Home Inspection: What to Expect and What to Look for Before You Sign

Everyone I know is a bit skeptical when it comes down  to signing documents for home contractors, inspectors, insurance agents , etc. One of the reasons is that everyone is a bit afraid to sign.  Unless you know the contractor or home inspector, chances are you are dealing with a stranger you know nothing about.  You don’t know if they are trustworthy or competent, or whether they belong to an association where they have to follow a code of ethics. 

Asking some basic questions before you sign a contract can truly save you a lot of headaches later on.  You are the paying customer, ask them questions to make sure everyone is satisfied before the work begins.

For more about home inspectors, follow the links below.


Top home inspection deal breakers

A home inspection can be stressful for both parties. Almost every inspection comes back with at least some sort of repair and, most often, those problems are minor and easy enough to negotiate. However, there are some deal breakers that can cause buyers to run for the hills.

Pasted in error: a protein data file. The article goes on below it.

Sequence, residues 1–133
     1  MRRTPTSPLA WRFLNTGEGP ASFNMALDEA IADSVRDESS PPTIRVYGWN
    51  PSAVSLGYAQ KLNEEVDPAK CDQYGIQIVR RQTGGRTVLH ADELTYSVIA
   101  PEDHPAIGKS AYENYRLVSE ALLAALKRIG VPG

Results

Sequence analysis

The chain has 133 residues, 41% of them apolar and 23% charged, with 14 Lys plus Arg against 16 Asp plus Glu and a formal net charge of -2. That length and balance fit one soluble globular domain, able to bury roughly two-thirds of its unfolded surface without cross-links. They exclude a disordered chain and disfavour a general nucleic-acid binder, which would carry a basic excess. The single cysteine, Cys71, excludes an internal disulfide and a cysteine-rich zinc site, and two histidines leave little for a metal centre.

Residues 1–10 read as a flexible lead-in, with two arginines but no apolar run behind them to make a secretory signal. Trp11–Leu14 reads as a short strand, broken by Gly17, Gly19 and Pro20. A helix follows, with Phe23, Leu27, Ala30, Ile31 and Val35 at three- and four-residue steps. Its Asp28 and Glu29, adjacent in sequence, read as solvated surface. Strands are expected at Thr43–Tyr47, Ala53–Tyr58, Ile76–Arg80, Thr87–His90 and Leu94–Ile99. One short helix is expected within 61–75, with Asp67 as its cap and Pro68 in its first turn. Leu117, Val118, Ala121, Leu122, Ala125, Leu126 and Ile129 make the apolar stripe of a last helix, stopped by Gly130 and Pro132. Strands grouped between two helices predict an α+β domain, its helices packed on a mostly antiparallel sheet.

Mold

Erin Craft, home inspector with Destination Bay Home Inspections, says this is one of the biggest problems that can potentially kill a deal.

“We see this issue in attics, basements, or crawl spaces,” he said. “There is a lot of fear when it comes to mold, and we’ve had buyers stop us right in the middle of the inspection and say they are walking away. They see it as a huge risk, both to their health and their wallet.”

However, Craft says before ditching the deal, consider doing a bit more investigating, especially if it’s a home you really love.


Make sure you understand terms of service before paying a home inspector